Later 240sx models used engines of the KA24DE derivative which had double overhead cams and four valves per cylinder, as opposed to the KA24E’s three-valve SOHC setup. This resulted in higher power, torque, and redline figures. As far as used engines go, either one is a reliable starting point for your next swap.
Pick one of these crazy cheap cars up for your next autocross project for around $4,500, assuming you can actually find someone willing to sell. These cars are only getting harder to come by, and you can likely kiss any expectation of the car having under 200k on the clock goodbye.
Don’t gamble do a reseal. Plan on spending weekend and a few hundred dollars to pull the engine, take it apart, and have a look at what’s inside. You get peace of mind from having fresh gaskets, belts, and timing, and you can check out the internals.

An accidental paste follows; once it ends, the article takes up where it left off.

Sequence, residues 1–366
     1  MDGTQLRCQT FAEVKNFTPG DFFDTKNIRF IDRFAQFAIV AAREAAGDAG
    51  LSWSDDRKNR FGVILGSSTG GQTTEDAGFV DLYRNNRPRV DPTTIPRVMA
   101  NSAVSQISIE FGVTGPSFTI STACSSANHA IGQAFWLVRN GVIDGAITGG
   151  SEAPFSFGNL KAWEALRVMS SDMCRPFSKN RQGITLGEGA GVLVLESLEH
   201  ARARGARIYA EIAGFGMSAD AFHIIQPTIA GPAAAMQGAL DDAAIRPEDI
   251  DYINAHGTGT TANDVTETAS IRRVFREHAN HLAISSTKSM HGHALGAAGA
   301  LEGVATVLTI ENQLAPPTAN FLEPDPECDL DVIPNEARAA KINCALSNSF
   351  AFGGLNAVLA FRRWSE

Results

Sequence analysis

Undeniably, one of the greatest hot cars of all time is the first model year of the Chevrolet Corvette. Granted, power numbers are nothing compared to the modern supercars we have listed so far, but this classic beauty is timeless. Cars with the original paint are easy to spot…they are all Polo White. Power comes from a 235 cu.in. inline-six. The 1953 Corvette features the Blue Flame version of this engine. The Blue Flame designation means that the engine features hydraulic lifters and produces 136 hp.